Energy Audit Technologies

A building energy audit is used to identify the cost effectiveness and ways to improve the comfort and efficiency of buildings. In addition, homes/businesses may qualify for energy efficiency grants and tax rebates from the states and the federal governments.

A Build Green Industries energy audit is a discovery service to determine the energy efficiency of your home or business. The energy evaluation is performed by one of our professional & qualified energy technicians using state of the art equipment.  The aim is to diagnose and suggest the best ways to improve the energy efficiency in heating and cooling the building.

An energy audit of a home may involve recording various characteristics of including the walls, ceilings, floors, doors, windows, and skylights. For each of these components the area and resistance to heat flow (R-value) is measured or estimated. The leakage rate or infiltration of air through the building envelope is of concern, both of which are strongly affected by window construction and quality of door seals such as weather-stripping. The goal of this exercise is to quantify the building’s overall thermal performance. The audit may also assess the efficiency, physical condition, and programming of mechanical systems such as the heating, ventilation, air conditioning equipment, and thermostat.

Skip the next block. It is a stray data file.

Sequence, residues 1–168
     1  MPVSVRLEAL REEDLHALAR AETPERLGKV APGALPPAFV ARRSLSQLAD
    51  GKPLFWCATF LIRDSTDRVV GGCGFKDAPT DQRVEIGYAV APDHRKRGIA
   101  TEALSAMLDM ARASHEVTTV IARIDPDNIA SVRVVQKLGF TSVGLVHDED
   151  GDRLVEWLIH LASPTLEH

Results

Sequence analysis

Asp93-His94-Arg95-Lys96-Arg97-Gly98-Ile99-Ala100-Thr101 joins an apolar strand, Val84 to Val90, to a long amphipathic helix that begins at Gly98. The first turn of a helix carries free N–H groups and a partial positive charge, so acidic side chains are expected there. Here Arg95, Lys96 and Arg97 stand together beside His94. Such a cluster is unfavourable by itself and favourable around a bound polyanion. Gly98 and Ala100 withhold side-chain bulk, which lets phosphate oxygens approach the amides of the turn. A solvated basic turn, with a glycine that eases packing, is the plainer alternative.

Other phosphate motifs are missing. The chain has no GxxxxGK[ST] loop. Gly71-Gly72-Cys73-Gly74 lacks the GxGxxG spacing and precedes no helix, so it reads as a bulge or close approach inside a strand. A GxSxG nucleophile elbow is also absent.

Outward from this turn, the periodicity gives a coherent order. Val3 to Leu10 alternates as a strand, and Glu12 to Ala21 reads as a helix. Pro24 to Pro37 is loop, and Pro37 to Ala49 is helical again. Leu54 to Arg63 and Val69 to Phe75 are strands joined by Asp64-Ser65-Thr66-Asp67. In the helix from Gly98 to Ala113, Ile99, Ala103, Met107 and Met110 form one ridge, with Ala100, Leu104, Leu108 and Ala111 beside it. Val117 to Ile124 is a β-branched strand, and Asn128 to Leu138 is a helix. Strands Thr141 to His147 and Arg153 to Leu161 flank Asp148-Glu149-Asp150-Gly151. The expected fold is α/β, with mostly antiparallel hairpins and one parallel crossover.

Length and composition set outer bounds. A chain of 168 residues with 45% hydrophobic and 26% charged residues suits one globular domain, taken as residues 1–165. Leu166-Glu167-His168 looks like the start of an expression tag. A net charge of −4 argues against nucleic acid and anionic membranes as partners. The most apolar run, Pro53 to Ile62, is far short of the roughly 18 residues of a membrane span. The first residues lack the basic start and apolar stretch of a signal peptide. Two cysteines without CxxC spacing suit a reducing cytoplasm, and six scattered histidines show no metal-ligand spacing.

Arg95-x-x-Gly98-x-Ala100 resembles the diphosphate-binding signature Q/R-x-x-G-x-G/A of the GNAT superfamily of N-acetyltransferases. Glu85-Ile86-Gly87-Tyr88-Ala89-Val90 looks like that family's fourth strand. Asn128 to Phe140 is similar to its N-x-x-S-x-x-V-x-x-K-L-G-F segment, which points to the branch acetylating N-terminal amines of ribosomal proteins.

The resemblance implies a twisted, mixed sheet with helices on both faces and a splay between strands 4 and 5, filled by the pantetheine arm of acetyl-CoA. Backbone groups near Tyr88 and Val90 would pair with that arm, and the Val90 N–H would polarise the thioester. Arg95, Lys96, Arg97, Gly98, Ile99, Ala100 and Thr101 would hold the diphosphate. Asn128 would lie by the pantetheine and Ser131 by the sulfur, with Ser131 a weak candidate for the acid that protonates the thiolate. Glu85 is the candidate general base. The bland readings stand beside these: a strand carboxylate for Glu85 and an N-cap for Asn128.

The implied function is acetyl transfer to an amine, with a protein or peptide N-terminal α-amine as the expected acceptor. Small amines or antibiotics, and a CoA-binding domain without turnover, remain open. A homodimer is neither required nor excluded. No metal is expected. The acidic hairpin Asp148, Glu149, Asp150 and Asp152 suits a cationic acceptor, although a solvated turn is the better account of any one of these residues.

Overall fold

A home energy audit may include a written report estimating energy use given local climate criteria, thermostat settings, roof overhang, and solar orientation. This could show energy use for a given time period, say a year, and the impact of any suggested improvements per year. The accuracy of energy estimates are greatly improved when the homeowner’s billing history is available showing the quantities of electricity, natural gas, fuel oil, or other energy sources consumed over a one or two-year period.
Some of the greatest effects on energy use are user behavior, climate, and age of the home. An energy audit may therefore include an interview of the homeowners to understand their patterns of use over time. The energy billing history from the local utility company can be calibrated using heating degree day and cooling degree day data obtained from recent, local weather data in combination with the thermal energy model of the building. Advances in computer-based thermal modeling can take into account many variables affecting energy use.